I have been " back home” since July, but honestly have been in Arkansas like and hour, and I still haven't made it to Texas. Florida is quickly becoming home, but to say it was nice to do something that seemed like “back home,” was nice. Jennifer and I ran St. Jude marathon my junior year of college, and it has hands down been my favorite race since. I do have to admit I started running St. Jude just for a close flat race, but it has turned into so much more.
The Thursday/Friday before the race everyone goes to the expo to pick up their packet, donate their last money, and have an opportunity to buy some St. Jude merchandise along with all the other things that are at an expo. The expo is very uplifting and starts preparing your mind for the emotional roller coaster that it will take during the race.
The St. Jude marathon weekend is so much more than a marathon. It is a awakening of something bigger, a way of putting life in perspective, and a reality check to what really matters. Supporters, family members, patients, ex-patients, doctors, nurses, and everyone else are lined on the course to cheer you on and thank every runner for raising money for the cause.
They are holding signs like,
“Because you run, I am here. I AM A SURVIVOR ”
“Our family thanks for your running.”
“If you think this is hard, try chemo.”
“No family ever pays for anything while going to St. Jude, travel, food, medical expenses, because the only thing they should think about is life.”
“No child should die in the dawn of their life.”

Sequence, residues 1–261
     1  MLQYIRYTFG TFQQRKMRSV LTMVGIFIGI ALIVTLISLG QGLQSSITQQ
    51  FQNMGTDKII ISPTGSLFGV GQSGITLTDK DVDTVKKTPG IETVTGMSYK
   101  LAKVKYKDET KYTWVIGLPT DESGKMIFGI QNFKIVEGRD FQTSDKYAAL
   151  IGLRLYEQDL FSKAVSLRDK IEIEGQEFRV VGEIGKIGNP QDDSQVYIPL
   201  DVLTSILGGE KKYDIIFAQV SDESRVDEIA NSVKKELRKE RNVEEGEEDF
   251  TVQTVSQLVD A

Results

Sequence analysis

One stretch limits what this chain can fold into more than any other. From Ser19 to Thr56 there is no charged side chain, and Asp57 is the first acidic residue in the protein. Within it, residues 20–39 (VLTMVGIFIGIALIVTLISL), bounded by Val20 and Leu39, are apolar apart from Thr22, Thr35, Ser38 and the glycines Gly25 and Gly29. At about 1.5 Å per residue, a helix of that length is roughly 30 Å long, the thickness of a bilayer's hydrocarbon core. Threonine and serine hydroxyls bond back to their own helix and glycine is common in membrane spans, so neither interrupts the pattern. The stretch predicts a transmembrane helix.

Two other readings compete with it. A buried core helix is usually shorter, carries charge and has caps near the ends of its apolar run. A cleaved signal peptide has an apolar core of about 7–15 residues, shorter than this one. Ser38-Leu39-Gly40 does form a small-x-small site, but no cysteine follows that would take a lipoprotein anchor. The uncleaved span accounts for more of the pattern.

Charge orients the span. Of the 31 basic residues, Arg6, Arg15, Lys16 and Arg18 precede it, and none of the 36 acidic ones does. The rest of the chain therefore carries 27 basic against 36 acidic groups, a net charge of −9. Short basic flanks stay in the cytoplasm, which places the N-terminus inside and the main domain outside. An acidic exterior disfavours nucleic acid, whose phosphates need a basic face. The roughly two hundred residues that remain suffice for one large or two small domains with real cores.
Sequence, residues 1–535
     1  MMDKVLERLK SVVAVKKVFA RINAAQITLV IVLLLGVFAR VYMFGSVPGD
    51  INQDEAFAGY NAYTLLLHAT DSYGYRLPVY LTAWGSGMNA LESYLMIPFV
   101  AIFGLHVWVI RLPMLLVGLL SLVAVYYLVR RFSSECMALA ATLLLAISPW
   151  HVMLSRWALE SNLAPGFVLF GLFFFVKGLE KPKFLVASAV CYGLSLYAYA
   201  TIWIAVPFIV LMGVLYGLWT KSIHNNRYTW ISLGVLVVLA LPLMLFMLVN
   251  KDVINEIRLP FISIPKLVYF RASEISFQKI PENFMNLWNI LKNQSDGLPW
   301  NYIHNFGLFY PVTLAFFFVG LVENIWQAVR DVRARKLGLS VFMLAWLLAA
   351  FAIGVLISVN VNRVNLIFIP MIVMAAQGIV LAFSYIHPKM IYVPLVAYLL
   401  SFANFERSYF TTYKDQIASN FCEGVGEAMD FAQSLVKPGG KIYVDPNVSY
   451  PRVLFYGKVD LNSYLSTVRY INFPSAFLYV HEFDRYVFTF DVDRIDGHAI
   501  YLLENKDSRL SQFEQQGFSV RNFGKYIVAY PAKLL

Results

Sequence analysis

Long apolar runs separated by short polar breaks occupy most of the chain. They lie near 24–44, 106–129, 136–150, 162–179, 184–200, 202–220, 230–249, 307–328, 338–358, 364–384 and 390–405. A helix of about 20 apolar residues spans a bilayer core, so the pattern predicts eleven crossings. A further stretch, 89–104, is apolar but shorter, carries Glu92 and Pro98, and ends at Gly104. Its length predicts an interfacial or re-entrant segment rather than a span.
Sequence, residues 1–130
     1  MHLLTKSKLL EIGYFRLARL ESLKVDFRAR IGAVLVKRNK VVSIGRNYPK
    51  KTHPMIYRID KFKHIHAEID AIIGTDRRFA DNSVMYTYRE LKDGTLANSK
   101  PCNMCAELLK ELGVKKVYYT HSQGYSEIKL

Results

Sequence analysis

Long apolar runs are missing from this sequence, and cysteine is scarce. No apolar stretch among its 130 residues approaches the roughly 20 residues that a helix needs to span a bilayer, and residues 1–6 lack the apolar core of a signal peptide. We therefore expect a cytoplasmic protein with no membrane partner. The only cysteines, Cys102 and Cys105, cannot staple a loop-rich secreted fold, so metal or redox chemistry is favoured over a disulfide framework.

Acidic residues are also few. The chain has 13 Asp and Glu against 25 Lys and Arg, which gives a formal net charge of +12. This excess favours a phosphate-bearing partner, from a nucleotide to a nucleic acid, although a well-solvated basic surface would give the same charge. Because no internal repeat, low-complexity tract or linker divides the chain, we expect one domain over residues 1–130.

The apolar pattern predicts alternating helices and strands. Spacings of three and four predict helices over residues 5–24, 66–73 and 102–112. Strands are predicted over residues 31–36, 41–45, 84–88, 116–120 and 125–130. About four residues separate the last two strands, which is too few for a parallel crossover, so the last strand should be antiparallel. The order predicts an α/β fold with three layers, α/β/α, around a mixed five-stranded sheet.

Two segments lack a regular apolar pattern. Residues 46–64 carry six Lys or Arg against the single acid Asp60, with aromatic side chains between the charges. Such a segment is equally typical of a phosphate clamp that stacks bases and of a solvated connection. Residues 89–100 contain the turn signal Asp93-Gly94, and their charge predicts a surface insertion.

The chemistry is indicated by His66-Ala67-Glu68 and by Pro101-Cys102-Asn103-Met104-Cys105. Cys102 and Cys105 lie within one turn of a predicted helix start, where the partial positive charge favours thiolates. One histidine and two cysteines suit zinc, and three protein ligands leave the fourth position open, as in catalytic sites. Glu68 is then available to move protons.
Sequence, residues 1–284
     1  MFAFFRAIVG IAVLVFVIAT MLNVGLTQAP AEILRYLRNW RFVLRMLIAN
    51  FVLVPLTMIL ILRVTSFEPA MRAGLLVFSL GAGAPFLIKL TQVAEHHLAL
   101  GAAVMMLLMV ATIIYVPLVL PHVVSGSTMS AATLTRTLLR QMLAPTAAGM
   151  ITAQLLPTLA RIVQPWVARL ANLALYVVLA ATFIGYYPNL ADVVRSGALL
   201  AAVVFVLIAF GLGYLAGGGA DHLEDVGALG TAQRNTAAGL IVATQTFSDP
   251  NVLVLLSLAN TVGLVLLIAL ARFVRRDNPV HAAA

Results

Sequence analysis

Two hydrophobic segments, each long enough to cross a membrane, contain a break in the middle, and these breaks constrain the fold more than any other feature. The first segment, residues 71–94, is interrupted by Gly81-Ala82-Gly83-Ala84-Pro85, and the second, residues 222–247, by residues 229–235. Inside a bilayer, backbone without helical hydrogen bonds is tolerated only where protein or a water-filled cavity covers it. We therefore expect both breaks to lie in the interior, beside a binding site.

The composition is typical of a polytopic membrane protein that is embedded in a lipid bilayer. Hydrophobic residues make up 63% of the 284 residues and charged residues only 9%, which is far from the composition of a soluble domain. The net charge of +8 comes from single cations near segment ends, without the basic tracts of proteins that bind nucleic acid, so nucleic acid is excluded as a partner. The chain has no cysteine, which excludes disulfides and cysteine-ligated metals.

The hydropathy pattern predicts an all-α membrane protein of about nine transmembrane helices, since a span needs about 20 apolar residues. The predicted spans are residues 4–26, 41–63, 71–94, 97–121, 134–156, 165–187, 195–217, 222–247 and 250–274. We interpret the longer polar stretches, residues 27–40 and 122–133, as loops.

“My angel thanks you" (with a picture of their child who did not live)
You get the point. You can’t run this race without crying at some point.
When you run through St. Jude campus the patients, faculty, staff, and parents come and cheer you on. Mom gave one patient her hero shirt (a shirt you get for raising money). She told the kid, "you are the true hero".....….(yeah insert tears from mom, and the patient’s parents.) The kid was so excited though and gave mom and hug and thanked her.
The atmosphere during the race is just nothing that can be faked. Everyone is grateful, encouraging, and hopeful. At every crossing everyone says thank you to the cop who is stopping traffic, which is then met with a return, It’s for the kids.
(Click to watch video St. Jude made)
There was one lady at the Target house this year who had a picture of who I assume was her child and her sign said, “my family thanks you.” I walked this year with mom, so we were at the back of the line. That poor mom holding the sign had tears rolling down her face. I hope she didn’t cry the whole race, or maybe they were tears of joy because her child is doing better, or maybe tears of hope and joy that their family can concentrate on their child instead of the money burden that so many families have to feel. As we walked by her, I just said a prayer in my mind that God wrap His comforting arms around her.
Now, the whole race isn’t an emotion roller coaster, there is also bands, belly dancers, singers, Elvis sightings, a road that has a huge street party, a dance crew that Mom joined for a bit, and many opportunities to drink, “champaign for pain,” Or “Beer for carbs.”
The atmosphere in the whole downtown area in the entire weekend is amazing. Everyone is there for such a great cause and realizes that there is so much more, you can’t get a more true meaning of Christmas to get you in the spirit. A nurse at St. Jude told me the Marathon Weekend is their biggest fundraiser all year. This race should be on everyone’s bucket list. If you can’t run, cheer on. If you can give financially, give. It takes 2 million a day to make the hospital run, and no family ever sees a bill.
I didn't get to raise like I would have loved to this year, if you still want to donate, there is still time! CLICK HERE